-Some Native American tribes fed me to their horses and said it fattened them up, gave them energy and spirit.

-Several Native tribes used my leaves to brew tea.  After the tea cooled, it was given to a person who had an upset stomach.

-If a person eats too much of me, her or she can get sick.  In large quantities, a person will have convulsions, go into a coma and can die from me.

 

E.  Can you name me? (1,2,3,4,5,6)

arnica IMG_0322 small, crop

 

 

 

 

 

 

 

I.D. Clues:

-I am made up of a single stem and get to be 10-60 cm tall.

-My stems and my heart-shaped leaves feel slightly fuzzy.

-I am a type of sunflower, but smaller in size compared to most.

-I like to grow alongside others.  Together, we blanket small areas of fairly shady, moist, forest or meadow areas in yellow.

Fun Facts:

-In the Blackfeet language, I’m called Ota-kap-is-chis-kit-sima which means yellow flower.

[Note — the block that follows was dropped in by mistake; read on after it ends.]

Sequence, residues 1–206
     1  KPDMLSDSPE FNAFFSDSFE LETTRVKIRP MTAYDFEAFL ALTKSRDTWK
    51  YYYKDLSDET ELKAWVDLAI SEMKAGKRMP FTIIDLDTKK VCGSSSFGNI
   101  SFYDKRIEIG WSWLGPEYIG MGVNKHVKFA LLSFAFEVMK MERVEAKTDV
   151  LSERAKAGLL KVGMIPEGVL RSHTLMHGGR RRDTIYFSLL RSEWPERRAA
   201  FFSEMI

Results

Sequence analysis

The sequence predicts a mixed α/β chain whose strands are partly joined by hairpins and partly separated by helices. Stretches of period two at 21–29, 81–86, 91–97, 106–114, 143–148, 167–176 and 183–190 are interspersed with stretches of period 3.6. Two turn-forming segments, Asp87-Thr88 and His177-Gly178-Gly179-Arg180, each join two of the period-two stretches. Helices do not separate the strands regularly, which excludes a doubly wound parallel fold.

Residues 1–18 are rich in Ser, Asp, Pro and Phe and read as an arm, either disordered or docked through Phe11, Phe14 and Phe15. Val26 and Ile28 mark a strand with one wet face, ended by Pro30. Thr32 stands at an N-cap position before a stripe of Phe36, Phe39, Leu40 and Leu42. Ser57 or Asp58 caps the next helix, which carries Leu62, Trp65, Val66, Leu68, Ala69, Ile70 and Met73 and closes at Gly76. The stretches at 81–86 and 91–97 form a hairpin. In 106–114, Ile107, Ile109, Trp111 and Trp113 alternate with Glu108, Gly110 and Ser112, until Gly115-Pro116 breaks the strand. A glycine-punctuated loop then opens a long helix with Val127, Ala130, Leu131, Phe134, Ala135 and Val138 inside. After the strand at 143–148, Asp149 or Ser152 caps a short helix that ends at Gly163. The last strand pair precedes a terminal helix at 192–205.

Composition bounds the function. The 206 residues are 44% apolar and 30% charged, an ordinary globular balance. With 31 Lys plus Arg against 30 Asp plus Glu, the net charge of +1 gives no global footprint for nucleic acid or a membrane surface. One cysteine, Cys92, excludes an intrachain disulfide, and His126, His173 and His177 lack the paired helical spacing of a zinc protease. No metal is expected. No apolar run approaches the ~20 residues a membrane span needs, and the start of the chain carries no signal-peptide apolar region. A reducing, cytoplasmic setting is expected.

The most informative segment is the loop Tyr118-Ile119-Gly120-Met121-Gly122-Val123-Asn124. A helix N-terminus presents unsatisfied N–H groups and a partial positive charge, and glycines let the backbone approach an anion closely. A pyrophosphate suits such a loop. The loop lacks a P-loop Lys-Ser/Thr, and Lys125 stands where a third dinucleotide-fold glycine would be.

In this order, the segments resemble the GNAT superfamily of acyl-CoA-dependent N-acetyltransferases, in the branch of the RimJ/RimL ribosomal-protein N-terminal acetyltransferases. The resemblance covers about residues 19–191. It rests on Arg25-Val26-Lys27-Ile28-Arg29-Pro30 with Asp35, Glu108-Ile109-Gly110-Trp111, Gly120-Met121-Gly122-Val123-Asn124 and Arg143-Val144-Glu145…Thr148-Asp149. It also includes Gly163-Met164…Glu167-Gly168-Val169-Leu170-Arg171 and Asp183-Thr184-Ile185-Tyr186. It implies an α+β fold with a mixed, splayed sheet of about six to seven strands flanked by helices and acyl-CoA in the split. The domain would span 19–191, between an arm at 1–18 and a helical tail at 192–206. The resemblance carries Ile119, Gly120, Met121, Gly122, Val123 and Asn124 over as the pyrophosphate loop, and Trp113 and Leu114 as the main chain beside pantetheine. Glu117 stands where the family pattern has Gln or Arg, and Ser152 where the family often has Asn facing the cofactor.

-All of my plant parts are poisonous and I should not be eaten.  My flowers are the most potent part and cause a person’s body temperature to rise.

-Some people have used extracts of my flower for hair growth.

-My roots and flowers have been used by some to make washes, salves and poultices for the healing of sprains and swollen feet.

-No part of me should be applied to broken skin areas since I’m very toxic.  (Kershaw, MacKinnon, and Pojar 242)

-Mule deer like to eat me while they graze.

-You can find me blooming in late May or even into August depending on the locations.

 

F.  Can you name me? (1,2,3,4,5,6)

Chokechery  P1010244 small

 

 

 

 

 

 

 

 

 

I.D. Clues:

-I am considered to be a bush, shrub or tree of medium height but can get up to 25 ft. tall.

-My stocks are green, brown or redish-brown depending on the time of year.

-My leaves are light green in the spring and turn to a darker green in fall.

-I have strong, but sweet smelling off-white flowers that bloom in the spring (May-June).

-Each flowering clump is thick, elongated and made up of many small flowers.

-In late summer and in the fall, I grow berries that turn from red to almost black when they ripen.